English is changing SO much, our great grandchildren will speak a seriously different version
We all have that English-nerd friend who corrects everyone’s grammar and manner of speech — like when you misuse “literally,” for example. (Or maybe you’re that friend. I am, and it drives everyone crazy. Not literally, though.) But English nerds are gonna have to open their minds to a simple-yet-mindblowing fact of life: Languages change and evolve, and English is no exception. In fact, according to a report in The Conversation, our great grandchildren will speak a totally different version of English than we do now.
We’ve all experienced the gap between our grandparents — using words (generally involving technology) that they don’t totally understand, and you have to step back and explain what it is before continuing. However, this goes deeper than that.
During the success of the Roman Empire, Classical Latin was used in writing, but “Vulgar Latin” was used in speech, eventually forming new dialects and, over time, forming the modern Romance Languages (French, Spanish, Portuguese, Romanian, and Italian).
We can already see English splitting off into sub-languages, or “interlanguages,” in the world today. Millions of people in the United States speak “Spanglish,” or English and Spanish mixed together. In Singapore, “Singlish” is spoken (despite, as The Conversation notes, the efforts of the government to promote English through the Speak Good English Movement).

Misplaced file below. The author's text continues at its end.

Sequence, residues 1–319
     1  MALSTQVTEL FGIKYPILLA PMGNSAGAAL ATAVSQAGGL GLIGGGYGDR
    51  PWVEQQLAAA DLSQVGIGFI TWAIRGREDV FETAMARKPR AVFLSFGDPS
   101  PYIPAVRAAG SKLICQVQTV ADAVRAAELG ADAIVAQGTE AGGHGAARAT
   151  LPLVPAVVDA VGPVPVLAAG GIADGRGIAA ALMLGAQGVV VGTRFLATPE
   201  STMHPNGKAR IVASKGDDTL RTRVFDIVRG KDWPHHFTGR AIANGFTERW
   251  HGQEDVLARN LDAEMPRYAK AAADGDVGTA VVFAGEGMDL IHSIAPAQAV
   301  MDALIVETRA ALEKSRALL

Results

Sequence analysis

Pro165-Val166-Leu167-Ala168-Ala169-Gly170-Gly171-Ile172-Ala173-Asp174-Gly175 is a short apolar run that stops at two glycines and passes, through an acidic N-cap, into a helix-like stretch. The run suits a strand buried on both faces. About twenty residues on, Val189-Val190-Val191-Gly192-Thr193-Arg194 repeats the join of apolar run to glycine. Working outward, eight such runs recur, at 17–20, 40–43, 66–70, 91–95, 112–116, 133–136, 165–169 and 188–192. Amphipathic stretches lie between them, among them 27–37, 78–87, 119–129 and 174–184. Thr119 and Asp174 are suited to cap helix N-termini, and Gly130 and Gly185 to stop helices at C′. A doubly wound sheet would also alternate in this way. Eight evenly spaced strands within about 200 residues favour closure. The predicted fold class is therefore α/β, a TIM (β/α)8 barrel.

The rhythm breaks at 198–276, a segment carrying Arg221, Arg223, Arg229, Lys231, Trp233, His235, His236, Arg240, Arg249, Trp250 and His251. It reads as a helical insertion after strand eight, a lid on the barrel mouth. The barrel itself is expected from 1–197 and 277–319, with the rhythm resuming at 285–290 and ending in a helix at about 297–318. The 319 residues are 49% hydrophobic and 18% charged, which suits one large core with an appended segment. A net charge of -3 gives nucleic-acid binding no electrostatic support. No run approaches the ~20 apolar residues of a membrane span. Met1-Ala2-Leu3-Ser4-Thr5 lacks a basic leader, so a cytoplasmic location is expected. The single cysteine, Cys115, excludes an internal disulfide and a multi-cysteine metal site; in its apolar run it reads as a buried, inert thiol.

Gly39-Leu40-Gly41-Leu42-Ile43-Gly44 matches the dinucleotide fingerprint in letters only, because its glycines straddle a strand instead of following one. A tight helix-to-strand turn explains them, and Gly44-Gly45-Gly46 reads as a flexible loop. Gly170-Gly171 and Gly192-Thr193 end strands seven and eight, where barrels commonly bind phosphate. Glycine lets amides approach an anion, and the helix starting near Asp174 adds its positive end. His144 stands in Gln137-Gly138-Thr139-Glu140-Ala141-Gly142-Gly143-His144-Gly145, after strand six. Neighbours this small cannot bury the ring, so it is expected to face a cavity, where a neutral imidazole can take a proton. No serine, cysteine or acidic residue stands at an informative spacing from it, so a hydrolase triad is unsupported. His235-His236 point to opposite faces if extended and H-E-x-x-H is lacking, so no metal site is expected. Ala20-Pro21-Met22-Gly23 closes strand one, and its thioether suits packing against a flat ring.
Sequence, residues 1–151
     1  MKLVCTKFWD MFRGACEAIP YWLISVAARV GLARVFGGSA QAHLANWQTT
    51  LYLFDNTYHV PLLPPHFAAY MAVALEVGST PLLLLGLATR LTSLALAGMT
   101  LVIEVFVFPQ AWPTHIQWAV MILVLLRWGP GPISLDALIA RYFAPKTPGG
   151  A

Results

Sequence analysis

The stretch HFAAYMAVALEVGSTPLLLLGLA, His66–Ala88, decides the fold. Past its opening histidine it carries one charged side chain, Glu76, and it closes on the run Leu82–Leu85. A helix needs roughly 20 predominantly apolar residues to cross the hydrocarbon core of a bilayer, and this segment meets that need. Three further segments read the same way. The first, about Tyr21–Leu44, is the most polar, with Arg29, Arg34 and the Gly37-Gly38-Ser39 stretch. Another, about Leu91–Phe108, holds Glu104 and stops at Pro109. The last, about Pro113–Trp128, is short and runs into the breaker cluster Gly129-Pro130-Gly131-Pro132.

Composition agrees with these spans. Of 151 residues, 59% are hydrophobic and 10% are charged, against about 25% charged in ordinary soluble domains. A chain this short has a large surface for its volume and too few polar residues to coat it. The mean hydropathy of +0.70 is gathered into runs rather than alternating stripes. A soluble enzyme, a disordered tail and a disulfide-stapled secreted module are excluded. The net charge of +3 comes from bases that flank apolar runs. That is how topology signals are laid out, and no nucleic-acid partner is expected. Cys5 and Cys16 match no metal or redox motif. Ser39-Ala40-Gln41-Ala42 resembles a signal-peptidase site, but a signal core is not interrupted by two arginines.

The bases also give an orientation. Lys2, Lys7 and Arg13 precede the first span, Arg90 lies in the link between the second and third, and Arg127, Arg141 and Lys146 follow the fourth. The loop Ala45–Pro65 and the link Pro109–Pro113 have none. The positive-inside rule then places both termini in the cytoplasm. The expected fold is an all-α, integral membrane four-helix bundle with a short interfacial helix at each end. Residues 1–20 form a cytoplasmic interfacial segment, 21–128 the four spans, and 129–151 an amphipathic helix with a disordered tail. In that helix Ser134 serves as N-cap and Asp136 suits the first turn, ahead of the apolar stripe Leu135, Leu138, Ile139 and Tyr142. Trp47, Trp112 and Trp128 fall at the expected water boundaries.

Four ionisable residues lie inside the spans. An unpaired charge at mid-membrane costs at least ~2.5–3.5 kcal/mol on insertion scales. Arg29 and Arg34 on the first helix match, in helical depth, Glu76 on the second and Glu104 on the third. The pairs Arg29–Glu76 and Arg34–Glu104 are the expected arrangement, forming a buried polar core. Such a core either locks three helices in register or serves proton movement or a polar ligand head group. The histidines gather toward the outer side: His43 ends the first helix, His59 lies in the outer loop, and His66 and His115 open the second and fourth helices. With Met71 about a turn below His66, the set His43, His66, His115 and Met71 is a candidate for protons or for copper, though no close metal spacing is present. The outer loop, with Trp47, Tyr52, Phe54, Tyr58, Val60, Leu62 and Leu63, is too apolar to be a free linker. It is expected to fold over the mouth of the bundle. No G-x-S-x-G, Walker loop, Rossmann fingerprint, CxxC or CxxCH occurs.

Though English has been viewed as the preferred means of communication in international corporations and government agencies, automatic translation programs like Google Translate may replace that. On top of this, the “classical” English, Standard English in England, is now spoken and written less than US English.
So what does this all mean? According to The Conversation, the future for English “is one of multiple Englishes.” In essence, it looks as though English is following the same route as Latin once did. A large part of this is because of online culture:
Another major change to the English language due to the Internet: we’re shortening things. Acronyms, abbreviations, word-blends like “mansplaining,” “awesomesauce,” and TL;DR” — all of these things have been added in abundance to the dictionary.
We — myself included — have got to stop adhering to old English laws, because it’s a losing battle. If you think trying to talk to your grandparents about life is interesting now, just wait until you speak to your great grandchildren. OMG, it will rly be awesomesauce.
(Image via ShutterStock.)